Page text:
The film has two main plots: Róża and the attacks on her (as well as those on the German speaking community in the village) and the story of Tadeusz. With the former, it shows what happened to the areas which had been in Germany, the discrimination towards Germans (not being given food, having their possessions being plundered, being beaten by Soviet and Polish militia, being raped), as well as the "repatriation" of Poles from the east of what was pre-1945 Poland (a family speaking the dialect of eastern Poland appears to live in and eventually take over Róża's house). To add to that we see Germans being forcibly expelled to the new borders of Germany.
Regarding Taduesz, he had fought in the Armia Krajowa partisan army. Now, members of the Armia Krajowa were viewed with suspicion by Soviet and later Polish authorities (the later Polish communist head Władysław Gomułka said "Soldiers of AK are a hostile element which must be removed without mercy"). For this reason Tadeusz tries to keep his head down to avoid being detected. He eventually meets someone who had also been "in the woods" (euphemism for being a partisan) who urges him to declare his past to the communist authorities, something he declines to do (something that results with Tadeusz being arrested, tortured and imprisoned).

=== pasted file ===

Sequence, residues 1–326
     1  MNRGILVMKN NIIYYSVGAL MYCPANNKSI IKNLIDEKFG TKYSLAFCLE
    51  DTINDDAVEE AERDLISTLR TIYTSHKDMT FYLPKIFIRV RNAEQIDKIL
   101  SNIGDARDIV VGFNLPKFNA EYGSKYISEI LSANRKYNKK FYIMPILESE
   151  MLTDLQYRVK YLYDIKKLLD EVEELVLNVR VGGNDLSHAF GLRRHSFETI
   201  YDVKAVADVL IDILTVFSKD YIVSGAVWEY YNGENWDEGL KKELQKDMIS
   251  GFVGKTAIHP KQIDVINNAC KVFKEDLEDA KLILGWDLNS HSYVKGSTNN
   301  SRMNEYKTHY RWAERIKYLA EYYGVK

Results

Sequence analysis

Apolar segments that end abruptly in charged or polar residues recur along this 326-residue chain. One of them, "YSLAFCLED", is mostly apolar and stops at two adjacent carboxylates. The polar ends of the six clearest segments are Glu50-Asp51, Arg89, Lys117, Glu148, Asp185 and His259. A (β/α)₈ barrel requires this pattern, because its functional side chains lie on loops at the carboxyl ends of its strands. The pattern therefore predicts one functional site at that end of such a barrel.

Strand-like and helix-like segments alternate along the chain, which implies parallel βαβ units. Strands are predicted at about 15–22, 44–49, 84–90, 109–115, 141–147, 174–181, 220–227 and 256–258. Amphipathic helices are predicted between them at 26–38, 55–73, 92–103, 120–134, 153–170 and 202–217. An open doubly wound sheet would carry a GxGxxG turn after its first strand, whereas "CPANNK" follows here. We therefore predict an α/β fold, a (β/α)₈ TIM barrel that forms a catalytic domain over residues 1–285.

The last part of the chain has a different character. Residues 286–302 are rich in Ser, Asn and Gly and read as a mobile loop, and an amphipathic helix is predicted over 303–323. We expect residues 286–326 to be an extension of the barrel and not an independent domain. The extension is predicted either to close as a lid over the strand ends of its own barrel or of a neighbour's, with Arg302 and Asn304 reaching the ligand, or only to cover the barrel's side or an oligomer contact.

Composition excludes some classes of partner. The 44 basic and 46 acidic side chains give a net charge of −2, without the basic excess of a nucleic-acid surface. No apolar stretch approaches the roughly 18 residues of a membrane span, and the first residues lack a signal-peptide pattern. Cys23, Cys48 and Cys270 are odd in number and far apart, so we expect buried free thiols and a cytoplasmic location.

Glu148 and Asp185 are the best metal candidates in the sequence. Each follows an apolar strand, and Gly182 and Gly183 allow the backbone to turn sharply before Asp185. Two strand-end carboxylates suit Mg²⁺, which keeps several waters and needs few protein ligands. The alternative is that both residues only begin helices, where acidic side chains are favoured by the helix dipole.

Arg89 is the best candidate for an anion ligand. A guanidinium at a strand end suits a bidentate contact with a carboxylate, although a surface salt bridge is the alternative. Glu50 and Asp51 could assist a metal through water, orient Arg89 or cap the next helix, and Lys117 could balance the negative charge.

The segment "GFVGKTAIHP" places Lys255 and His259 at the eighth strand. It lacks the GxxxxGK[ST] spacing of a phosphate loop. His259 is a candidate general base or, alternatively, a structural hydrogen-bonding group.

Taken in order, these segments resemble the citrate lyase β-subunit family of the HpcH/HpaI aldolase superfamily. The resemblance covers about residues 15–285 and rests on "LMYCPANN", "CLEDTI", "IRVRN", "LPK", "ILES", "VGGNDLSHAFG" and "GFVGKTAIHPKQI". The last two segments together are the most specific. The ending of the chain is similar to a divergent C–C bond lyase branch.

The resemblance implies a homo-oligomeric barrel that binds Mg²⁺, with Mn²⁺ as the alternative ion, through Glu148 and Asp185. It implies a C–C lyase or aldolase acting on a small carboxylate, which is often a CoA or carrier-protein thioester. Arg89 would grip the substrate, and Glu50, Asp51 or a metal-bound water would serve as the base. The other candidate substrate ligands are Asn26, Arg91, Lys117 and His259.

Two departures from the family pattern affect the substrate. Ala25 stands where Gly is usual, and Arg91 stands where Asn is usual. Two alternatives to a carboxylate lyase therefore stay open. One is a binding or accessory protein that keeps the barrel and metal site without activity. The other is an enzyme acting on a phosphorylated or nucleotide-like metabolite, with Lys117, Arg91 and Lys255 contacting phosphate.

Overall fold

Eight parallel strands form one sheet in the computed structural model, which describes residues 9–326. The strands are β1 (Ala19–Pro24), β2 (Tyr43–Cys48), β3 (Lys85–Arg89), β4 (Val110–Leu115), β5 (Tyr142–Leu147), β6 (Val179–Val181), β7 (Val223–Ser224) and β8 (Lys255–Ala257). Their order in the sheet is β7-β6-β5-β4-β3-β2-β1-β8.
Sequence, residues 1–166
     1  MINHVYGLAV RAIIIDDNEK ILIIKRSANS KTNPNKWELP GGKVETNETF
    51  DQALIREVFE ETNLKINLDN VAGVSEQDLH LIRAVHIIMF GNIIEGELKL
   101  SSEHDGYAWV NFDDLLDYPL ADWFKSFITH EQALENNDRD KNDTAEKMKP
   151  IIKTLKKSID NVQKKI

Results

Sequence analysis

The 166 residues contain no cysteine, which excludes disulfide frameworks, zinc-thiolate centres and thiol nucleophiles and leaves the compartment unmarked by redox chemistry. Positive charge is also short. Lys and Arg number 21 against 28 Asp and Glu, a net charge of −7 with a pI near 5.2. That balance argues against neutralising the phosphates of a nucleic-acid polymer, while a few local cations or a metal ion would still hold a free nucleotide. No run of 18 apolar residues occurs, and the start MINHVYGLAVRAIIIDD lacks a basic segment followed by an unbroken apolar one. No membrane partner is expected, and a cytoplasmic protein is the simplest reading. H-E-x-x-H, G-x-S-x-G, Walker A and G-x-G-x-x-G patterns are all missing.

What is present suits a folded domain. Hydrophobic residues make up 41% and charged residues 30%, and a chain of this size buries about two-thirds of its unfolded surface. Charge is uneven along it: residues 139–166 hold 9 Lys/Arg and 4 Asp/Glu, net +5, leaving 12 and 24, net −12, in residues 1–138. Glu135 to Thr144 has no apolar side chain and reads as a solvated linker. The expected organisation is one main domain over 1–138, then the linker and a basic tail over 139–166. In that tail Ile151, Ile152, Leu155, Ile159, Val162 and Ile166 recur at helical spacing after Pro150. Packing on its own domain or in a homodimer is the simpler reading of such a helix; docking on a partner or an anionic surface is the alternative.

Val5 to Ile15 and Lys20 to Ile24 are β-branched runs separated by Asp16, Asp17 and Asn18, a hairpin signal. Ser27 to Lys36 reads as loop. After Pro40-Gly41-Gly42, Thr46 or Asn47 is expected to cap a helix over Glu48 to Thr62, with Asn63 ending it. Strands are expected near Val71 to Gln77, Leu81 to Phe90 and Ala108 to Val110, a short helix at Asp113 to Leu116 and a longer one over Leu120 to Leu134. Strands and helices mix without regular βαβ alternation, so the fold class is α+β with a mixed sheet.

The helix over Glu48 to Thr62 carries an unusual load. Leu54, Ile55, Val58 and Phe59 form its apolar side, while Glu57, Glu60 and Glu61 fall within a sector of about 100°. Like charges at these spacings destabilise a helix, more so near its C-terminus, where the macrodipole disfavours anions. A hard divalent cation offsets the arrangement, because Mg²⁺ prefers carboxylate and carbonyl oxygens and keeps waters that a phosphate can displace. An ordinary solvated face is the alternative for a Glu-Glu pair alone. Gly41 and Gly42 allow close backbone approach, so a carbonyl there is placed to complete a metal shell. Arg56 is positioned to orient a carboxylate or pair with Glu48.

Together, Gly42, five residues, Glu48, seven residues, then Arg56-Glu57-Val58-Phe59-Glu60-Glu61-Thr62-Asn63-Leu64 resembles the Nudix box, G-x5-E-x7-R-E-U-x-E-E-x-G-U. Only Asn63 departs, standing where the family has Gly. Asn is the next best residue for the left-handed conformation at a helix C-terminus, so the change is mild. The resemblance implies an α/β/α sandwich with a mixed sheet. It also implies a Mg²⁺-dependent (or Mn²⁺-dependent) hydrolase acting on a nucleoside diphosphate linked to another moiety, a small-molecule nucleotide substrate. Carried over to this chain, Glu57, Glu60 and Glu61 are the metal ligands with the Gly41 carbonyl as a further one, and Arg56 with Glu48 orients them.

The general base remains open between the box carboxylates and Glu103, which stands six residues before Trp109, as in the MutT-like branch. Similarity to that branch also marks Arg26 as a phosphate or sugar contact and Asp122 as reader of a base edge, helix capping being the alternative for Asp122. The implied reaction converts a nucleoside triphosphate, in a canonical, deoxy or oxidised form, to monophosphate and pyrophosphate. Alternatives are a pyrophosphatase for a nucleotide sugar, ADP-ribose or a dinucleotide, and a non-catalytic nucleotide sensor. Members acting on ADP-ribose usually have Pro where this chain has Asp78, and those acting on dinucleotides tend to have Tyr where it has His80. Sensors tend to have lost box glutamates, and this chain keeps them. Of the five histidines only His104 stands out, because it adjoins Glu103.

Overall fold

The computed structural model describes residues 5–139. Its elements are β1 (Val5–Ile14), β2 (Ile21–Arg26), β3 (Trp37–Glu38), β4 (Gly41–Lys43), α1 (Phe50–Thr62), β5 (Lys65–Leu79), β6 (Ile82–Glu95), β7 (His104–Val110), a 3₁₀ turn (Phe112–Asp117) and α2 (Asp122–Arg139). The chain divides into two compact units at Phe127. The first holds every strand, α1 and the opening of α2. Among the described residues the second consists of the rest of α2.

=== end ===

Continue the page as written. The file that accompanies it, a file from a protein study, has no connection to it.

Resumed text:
In doing so, the film deals with a few essential themes, relevant for modern Poland.
Rape is a key feature of the film. As I said, one sees a Polish woman raped at the start. Róza is raped many times, as is the Polish woman who comes to live with her. Like as shown in the film Anomyma, the rapes were perpetrated by members of the Red Army (one mass-rape by Red Army soldiers is also shown in the film). However, the film also shows the rape of Róża by Poles. This is a very important issue. The film was made by a Pole, and is, as far as I know, the first film made in Poland to thematise the abuse of German woman by Polish men.